Judah had never expected his son to defy him as well.

Onan, his second son, was becoming as difficult as Er. He’d grown up threatened by his older brother’s white­hot jealousy and had learned to protect himself by cunning and deception. Judah didn’t know which son was worse. Both were treacherous. Neither could be trusted.

The third son, Shelah, was following the ways of his brothers. Confronted with a wrong, Judah’s sons lied or blamed others. When pressed hard enough to get the truth, they appealed to their mother, who defended them no mat­ter how offensive their crimes. Her pride wouldn’t allow her to see their faults. They were her sons, after all, and they were Canaanite through and through.

Something had to be done, or Er would bring Judah’s head down to the ground in shame. Judah almost regretted having sons, for they wreaked havoc in his household and his life! There were moments when his rage was so intense, it was all he could do not to pick up a spear and hurl it at one of them.

Judah often thought about his father, Jacob, and the trou­ble he’d endured at the hands of his sons. Judah had caused his father as much trouble as the rest of them. Er and Onan reminded Judah of his brothers Simeon and Levi. Thinking of his brothers brought back the black memories of the grievous sin he himself had committed—the sin that haunted him, the sin that had driven him from his father’s household because he couldn’t bear to see the grief he’d caused or be in the company of the brothers who had shared in what he’d done.

His father, Jacob, didn’t even know the full truth of what had happened at Dothan.

Judah tried to console himself. He’d kept Simeon and Levi from murdering their brother Joseph, hadn’t he? But he also remembered that he was the one who’d led them into selling the boy to the Ishmaelite traders on their way to Egypt. He’d made a profit from the lad’s misery—profits shared by his brothers as well. Only God knew if Joseph had survived the long, hard journey to Egypt. It was more than possible he’d died in the desert. If not, he was now a slave for some Egyptian.

Sometimes in the darkest hour of night, Judah would lie awake upon his pallet, filled with an agony of remorse, thinking about Joseph. How many years would it be before he could put the past behind him and forget what he’d done? How many years before he could close his eyes and not see Joseph’s hands shackled, his neck noosed, as he was led forcefully away by the Ishmaelite traders? The boy’s screams for help still echoed in Judah’s mind.

He had the rest of his life to regret his sins, years to live with them. Sometimes Judah swore he could feel the hand of God squeezing the life from him for plotting the destruc­tion of his own brother.

Zimran cleared his throat. Judah reminded himself where he was and why he’d come to the home of this Canaanite. He mustn’t let his mind wander, mustn’t allow the past to intrude on what he had to do about the future. His son needed a wife—a young, comely, strong wife who might distract him from his wicked schemes and devices. Judah’s mouth tightened as he studied the Canaanite girl kneeling before him. Was he making another mistake? He’d married a Canaanite and lived to regret it. Now he was bringing another one into his household. Yet this Canaanite girl appealed to him. Why?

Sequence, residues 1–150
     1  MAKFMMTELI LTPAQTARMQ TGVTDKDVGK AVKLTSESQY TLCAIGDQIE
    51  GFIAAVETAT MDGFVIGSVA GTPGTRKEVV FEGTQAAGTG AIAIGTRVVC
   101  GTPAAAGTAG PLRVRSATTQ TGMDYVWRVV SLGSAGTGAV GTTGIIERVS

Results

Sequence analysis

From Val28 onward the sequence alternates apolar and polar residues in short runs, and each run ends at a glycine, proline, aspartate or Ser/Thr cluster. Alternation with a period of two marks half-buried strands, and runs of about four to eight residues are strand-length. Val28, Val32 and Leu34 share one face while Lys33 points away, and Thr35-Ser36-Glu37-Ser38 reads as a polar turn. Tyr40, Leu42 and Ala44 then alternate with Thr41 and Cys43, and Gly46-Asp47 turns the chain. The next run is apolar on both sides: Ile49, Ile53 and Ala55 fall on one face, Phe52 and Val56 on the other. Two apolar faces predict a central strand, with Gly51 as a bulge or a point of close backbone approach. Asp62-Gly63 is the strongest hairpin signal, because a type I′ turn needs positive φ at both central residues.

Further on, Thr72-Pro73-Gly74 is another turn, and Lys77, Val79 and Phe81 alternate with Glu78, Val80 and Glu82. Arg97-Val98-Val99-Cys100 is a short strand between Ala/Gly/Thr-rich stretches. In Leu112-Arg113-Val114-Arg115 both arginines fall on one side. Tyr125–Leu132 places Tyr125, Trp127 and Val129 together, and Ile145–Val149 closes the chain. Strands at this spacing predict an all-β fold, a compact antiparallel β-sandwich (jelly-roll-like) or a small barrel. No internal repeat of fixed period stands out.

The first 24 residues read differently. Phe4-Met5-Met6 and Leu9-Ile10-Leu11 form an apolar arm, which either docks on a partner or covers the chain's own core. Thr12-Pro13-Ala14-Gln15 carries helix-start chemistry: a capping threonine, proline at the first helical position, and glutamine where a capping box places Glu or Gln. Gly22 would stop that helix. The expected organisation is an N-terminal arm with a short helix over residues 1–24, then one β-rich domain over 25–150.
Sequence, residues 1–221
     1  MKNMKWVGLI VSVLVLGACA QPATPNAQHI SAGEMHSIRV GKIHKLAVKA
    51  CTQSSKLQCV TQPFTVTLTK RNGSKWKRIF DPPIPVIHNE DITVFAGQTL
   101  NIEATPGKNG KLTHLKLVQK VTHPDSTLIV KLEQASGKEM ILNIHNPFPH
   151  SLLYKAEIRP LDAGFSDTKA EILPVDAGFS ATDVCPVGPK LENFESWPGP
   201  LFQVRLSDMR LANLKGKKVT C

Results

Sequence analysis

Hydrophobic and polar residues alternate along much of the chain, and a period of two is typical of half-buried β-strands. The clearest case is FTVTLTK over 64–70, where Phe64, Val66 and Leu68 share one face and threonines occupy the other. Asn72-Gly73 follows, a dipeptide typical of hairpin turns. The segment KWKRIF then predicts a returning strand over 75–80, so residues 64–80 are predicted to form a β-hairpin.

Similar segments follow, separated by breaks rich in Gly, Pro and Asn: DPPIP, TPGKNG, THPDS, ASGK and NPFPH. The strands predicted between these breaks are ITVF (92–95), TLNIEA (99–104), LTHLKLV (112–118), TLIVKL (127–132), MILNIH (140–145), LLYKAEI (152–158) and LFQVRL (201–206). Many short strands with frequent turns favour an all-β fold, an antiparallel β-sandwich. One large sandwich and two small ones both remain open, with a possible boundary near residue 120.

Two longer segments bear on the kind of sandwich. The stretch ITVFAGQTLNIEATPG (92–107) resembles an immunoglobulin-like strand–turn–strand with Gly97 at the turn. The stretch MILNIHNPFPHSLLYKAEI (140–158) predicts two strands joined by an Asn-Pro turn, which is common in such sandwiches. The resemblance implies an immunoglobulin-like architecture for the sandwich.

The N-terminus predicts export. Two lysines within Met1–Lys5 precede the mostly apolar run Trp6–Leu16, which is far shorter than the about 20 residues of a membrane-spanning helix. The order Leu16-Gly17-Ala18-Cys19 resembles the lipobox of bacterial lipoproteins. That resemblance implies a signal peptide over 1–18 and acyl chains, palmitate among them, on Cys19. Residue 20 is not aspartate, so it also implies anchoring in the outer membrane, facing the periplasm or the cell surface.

Judah tipped the girl’s chin. He knew she must be afraid, but she hid it well. That would be a useful skill where Er was concerned. She looked so young and guileless. Would his son destroy her innocence and corrupt her as he was so eager to do to others?

Hardening himself, Judah withdrew his hand and leaned back. He had no intention of allowing Er to make the same mistakes he had. Lust had driven him to marry the boy’s mother. Beauty was a snare that captured a man, while unrestrained passion burned away reason. A woman’s char­acter mattered greatly in a marriage. Judah would have done better to follow custom and allow his father to choose a wife for him. Instead, he’d been stubborn and hasty and now suffered for his folly.

It wasn’t enough that a woman stirred a man’s passion. She also had to be strong, yet willing to bend. A stubborn woman was a curse upon a man. He’d been laughable in his youthful confidence, so certain he could bend a woman
to his ways. Instead, he’d bent to Bathshua’s. He’d fooled himself into thinking there was no harm in giving his wife freedom to worship as she wished. Now, he found himself reaping a whirlwind with his idol­worshiping sons!

Tamar was of calmer disposition than Bathshua. Tamar had courage. She appeared intelligent. He knew she was strong, for he’d watched how hard she worked. His wife, Bathshua, would be happy about that. No doubt she would dump her chores upon the girl as soon as possible. The quality that mattered most was her fertility, and only time would tell about that. The qualities he could see were more than enough. Yet there was something more about this girl that Judah couldn’t define—something rare and wonderful that made him determined to have her in his family. It was as though a quiet voice was telling him to choose her.

“She pleases me.”

Zimran exhaled. “You are a wise man!” He nodded to his daughter. Thus dismissed, Tamar rose. The Canaanite was clearly eager to begin negotiations. Judah watched the girl leave the room with her mother. Zimran clapped his hands; two servants hurried in, one with a tray of pomegranates and grapes, another with roasted lamb. “Eat, my brother, and then we will talk.”

Judah would not be so easily manipulated. Before touch­ing the food, he made an offer for the girl. Eyes glowing, Zimran plunged in and began haggling over the bride­price.

Judah decided to be generous. Marriage, though far from bringing happiness to him, had brought some stability and direction. Perhaps Er would be similarly diverted from riot­ous living. Besides, Judah wanted to spend as little time with Zimran as possible. The man’s ingratiating manner irri­tated him.